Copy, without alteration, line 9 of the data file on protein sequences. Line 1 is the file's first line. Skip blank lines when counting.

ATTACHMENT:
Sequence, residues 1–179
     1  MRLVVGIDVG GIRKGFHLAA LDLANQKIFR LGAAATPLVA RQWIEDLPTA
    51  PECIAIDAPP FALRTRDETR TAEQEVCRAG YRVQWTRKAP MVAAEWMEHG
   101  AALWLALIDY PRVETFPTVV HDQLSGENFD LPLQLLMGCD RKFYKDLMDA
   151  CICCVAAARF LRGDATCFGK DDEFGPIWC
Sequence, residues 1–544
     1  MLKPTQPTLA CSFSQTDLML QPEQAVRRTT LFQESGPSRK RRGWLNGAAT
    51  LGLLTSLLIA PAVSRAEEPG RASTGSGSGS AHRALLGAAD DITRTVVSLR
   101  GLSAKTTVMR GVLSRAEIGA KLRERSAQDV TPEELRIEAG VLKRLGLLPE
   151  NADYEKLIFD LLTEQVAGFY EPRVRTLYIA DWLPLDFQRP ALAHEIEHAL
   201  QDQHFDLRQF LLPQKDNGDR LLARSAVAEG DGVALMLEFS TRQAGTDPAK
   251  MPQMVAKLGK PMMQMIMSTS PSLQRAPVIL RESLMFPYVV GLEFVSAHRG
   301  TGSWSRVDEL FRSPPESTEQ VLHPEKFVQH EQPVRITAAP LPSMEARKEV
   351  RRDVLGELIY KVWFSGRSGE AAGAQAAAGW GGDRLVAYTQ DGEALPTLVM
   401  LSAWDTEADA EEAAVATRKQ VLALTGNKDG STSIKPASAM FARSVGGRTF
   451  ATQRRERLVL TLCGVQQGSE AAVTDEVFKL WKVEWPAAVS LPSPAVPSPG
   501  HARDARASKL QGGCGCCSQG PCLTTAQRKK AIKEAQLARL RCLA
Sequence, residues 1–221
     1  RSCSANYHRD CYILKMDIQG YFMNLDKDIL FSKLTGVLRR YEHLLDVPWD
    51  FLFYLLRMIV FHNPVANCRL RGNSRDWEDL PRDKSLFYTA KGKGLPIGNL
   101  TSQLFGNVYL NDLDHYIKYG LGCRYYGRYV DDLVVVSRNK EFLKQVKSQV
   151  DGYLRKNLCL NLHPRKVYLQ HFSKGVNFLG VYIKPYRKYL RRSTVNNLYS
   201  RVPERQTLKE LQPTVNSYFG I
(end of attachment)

   101  GLSAKTTVMR GVLSRAEIGA KLRERSAQDV TPEELRIEAG VLKRLGLLPE